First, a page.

Yesterday I ran across a video of someone holding a small pendulum and answering questions by "psychically" willing it to move back and forth for yes or left and right for no, and it brought back a flood of memories. I had one of those pendulums (sold by Uri Geller, of course) when I was a teenager and swore by it as a sure thing. I was not so credulous as to believe in Ouija boards (obviously people were subconsciously pushing the thing around), but my pendulum had to be true because I could see it working. It led me to believe that I had telekinetic powers (which were woefully underdeveloped since I couldn't get anything but the pendulum to follow my mental commands). I remember taking my pendulum to school once to show my friends, and having a teacher explain that I was moving it subconsciously. He was a substitute, so it was easy to dismiss him as a random asshole who had no clue about the power I was learning to tap into.
During this period, I found an ad in the back of the National Enquirer for a $12 psychic reading. Send in the money, your birthdate and a couple of other bits of data, and you'd get a 100% full-proof reading. It took weeks to scrounge up the money by returning bottles and mowing lawns, but eventually I stuffed my cash in an envelope and sent it off. After a few more weeks (filled with worry that a postal worker would steal my money), I received a 9x12 envelope with a lot of stamps and my name and address hand written on the front. Inside, I found a 12-page report that was typed, but had a lot of corrections and additions apparently written in pen (this was before the age of personal computers). It looked authentic, and sounded perfect. This guy seemed to know me better than I knew myself. Yes, I was much more sensitive than other people thought. Yes, it really hurt my feelings when people said or did mean things. Yes, I was not working up to my potential. Yes, of course, I had a lot of power and potential that I could tap into if I just knew how. He even knew my lucky number was seven. There were several other reports and correspondence courses I could sign up for to learn how to overcome the problems he had identified, but unfortunately I was just a kid who had to dig in the couch for change. I couldn't afford anything more. But his advice was so on target, I read the report and reread the report until I almost knew it by heart.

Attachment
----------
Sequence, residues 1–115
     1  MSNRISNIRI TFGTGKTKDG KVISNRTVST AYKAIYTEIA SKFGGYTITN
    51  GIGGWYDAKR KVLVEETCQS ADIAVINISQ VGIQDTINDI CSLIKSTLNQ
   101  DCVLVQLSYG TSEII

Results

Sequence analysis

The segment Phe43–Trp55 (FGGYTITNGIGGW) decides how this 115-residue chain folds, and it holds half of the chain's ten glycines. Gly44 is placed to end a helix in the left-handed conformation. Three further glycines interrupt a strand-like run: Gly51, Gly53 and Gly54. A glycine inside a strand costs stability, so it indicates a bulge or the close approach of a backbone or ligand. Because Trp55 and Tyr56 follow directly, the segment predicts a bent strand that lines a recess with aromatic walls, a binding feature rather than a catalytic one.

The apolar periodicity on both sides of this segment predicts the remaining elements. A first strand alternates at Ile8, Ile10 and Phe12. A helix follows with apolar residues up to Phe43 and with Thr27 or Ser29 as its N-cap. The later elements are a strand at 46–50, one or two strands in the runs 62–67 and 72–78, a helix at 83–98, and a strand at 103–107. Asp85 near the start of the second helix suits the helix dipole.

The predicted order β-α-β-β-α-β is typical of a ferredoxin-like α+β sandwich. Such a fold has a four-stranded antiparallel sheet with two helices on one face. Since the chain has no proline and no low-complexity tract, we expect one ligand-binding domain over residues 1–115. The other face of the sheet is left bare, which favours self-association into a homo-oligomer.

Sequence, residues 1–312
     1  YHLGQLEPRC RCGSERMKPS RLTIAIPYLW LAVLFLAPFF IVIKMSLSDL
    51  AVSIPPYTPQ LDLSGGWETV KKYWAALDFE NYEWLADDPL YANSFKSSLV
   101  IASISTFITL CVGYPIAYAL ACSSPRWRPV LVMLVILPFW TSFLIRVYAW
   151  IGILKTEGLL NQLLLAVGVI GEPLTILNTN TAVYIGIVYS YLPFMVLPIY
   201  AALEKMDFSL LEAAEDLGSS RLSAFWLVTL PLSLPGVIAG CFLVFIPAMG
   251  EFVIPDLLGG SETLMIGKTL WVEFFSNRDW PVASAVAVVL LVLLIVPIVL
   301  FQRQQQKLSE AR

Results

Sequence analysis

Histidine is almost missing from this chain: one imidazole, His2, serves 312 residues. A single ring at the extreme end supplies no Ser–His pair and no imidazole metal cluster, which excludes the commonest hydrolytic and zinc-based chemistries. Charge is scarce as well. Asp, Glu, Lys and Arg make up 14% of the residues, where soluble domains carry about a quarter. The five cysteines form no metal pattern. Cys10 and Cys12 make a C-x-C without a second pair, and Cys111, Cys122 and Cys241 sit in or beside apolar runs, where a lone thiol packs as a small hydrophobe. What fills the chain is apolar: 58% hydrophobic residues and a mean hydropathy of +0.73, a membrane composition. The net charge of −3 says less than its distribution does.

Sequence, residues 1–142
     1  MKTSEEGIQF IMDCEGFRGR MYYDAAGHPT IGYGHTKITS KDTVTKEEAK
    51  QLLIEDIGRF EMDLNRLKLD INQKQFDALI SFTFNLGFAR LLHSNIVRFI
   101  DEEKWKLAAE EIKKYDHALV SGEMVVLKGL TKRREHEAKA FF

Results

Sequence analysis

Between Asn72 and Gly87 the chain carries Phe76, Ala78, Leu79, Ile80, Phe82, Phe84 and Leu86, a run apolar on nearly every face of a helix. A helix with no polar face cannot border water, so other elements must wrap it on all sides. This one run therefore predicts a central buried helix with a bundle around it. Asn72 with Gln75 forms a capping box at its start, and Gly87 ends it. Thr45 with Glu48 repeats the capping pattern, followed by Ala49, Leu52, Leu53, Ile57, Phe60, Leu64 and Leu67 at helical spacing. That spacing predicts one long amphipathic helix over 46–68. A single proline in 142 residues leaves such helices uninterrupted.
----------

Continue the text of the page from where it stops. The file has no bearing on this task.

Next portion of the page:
Nevertheless, a voice in the back of my head finally got my attention. "Why would anyone be willing to spend hours typing, and then hand editing a 12-page report for 12 dollars? Those handwritten amendments sure make it look authentic, but the economics don't make any sense." So I got out a magnifying glass to take a closer look. Surprise surprise. On closer examination, I could tell that those handwritten remarks and the sloppy typing were professionally printed. He could afford to send me a 12-page report for 12 dollars because he sent the same sloppy-looking-but-mass-produced report to every idiot stupid enough to send him money. (And I was worried about the postal workers!)
My skeptical cherry had been popped. I stuffed the report in a drawer to keep as a reminder, and threw out my official Uri Geller pendulum. It took me another 10 years to finally rid myself of God, ghosts, and other superstitions, but the chain of reason had been started.